I suppose there are people in Terra Nova, too. There’s our aforementioned family: a former cop with an anti-authoritarian streak (Jim), a doctor who has more accent than personality (Elisabeth), a son who’s in denial about his daddy complex (Josh), a daughter who likes books (Maddy), and toddler Zoe, who may or may not exist just to get kidnapped by some postpartum-suffering dinosaur in episode four or five. (Can a 4-year-old get amnesia?) The two most salient details about Mom and Dad: They don’t like talking about why they broke the law and had a third kid, nor do they like having sex. Despite being separated for two years, they have no interest in taking each other’s clothes off, leaving poor Jim to do it himself while hacking at some overgrown branches.
There’s also Colonel Taylor, who may look familiar from that alternative Hollywood production set in an otherworldly jungle. He’s not nearly as three-dimensional here, though. Midway through the episode, we discover both that Taylor had a son who disappeared once he came to Terra Nova, and that Terra Nova’s writers know about Chekhov’s gun. By the end of the episode, the son has reappeared, not in person, but in the form of unintelligible drawings that look like they were traced from Daniel Faraday’s notebook. Let’s take bets on when we think the son will first show his face: I’m saying season finale.
The lady who tells us the son is still alive is Mira — finally a weird, slightly futuristic name! — the leader of the Sixers, a breakaway tribe of people from 2149. They all came on the sixth trip through the portal, leading Taylor to wonder who sent them to break up Terra Nova, and why.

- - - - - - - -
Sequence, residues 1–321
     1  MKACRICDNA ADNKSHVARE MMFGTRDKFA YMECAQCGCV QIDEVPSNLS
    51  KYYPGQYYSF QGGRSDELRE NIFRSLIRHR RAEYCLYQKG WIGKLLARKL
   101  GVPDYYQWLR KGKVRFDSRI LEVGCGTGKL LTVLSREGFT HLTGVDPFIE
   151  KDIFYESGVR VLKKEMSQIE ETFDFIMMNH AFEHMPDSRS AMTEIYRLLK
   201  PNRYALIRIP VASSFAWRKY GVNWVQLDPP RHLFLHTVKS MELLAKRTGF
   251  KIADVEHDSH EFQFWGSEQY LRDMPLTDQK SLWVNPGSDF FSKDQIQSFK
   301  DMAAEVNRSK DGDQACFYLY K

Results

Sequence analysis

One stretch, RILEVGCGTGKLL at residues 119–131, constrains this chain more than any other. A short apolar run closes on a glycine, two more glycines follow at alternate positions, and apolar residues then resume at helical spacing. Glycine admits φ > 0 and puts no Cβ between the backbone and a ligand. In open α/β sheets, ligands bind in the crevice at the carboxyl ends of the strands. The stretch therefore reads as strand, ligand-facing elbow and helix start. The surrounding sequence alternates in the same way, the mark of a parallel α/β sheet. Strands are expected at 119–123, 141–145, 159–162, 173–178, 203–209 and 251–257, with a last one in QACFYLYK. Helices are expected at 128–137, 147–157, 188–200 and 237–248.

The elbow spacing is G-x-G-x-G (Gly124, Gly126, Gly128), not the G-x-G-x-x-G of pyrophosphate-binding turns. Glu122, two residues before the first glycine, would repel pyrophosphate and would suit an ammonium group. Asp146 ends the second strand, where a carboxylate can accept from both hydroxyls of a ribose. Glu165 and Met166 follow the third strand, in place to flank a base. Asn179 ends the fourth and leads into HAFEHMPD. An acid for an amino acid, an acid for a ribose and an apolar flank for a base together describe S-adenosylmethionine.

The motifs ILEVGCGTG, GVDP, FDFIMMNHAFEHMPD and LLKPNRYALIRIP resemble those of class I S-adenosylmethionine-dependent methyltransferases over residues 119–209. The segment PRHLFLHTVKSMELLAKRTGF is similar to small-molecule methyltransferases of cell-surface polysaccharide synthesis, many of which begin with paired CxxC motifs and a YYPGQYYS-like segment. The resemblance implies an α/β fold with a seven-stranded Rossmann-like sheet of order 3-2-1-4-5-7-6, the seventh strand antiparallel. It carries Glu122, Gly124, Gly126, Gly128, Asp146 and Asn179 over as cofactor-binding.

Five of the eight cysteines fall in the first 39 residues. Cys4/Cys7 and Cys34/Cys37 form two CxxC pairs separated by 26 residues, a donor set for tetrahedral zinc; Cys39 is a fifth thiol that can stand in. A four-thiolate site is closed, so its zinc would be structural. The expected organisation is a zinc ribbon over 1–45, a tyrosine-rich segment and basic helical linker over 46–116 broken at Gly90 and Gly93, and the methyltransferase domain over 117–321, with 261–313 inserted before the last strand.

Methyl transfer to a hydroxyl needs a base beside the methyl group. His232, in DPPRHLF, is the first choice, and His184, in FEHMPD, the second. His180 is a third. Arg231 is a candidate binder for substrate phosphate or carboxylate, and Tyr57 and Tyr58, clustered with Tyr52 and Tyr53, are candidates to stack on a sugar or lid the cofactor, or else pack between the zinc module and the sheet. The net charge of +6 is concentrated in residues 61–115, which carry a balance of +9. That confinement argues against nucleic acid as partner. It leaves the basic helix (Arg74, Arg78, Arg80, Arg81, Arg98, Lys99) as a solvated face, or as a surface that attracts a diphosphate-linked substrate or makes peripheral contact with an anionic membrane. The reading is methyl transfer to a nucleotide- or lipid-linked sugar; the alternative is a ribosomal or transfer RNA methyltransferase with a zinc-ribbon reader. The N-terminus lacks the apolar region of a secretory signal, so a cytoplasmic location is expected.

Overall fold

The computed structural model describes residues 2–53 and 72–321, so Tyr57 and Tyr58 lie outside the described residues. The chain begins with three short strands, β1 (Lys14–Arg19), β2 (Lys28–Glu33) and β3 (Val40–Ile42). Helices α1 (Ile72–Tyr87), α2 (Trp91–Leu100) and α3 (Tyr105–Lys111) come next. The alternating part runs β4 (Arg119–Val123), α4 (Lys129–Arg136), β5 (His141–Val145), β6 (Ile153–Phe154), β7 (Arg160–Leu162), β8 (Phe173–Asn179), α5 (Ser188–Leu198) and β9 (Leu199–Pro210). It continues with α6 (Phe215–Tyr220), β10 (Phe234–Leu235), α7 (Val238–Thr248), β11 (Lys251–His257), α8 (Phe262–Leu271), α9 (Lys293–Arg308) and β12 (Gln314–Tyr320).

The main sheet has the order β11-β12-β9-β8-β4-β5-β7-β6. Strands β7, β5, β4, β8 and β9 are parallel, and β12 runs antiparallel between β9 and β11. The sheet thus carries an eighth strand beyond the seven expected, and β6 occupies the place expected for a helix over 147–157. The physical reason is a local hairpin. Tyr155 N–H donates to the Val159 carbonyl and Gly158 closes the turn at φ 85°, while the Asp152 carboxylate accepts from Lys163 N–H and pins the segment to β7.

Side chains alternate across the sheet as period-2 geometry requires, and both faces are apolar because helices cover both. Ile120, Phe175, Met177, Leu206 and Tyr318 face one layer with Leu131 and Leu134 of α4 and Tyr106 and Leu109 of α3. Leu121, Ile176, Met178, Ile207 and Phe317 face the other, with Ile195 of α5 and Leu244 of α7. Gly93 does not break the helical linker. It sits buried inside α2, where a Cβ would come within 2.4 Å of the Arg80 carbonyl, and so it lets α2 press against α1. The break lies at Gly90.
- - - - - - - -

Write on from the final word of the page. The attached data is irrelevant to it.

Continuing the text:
Which, yes! More of this please. Terra Nova’s pilot was at its most tantalizing when it teased us with details of the Sixers. The man versus dino-nature stuff is fine, but if the show is going to grab us, it’ll be because we don’t know whose side to take. None of the principals in Terra Nova are compelling enough to earn our allegiance by default. By the end of the episode, I was already rooting for a Sixers coup, if only so life in Terra Nova would get a little more interesting. If there’s anything I trust the writers to flesh out, it’s the Sixers-Nova conflict: nothing makes better TV than two warring tribes. Just ask Lost. (Again.)
The other compelling piece of Nova: those complex sketches beneath the falls that get trotted out as a cliff-hanger. Despite, as previously mentioned, being ganked directly from Lost, scenes like this show how much promise Terra Nova has: On what other show can advanced physics be considered a cave drawing? It’s in these contrasts of new and old that Terra Nova will hopefully find its voice, and its mystery. So, what do we think those drawings are? A map that leads the way back to 2149? Proof that they’re not in a new timestream after all? Evidence that they’re not actually on Earth? What Terra Nova needs them to be most of all: a blueprint for how a show can please most of us without pandering to the lowest-common denominator?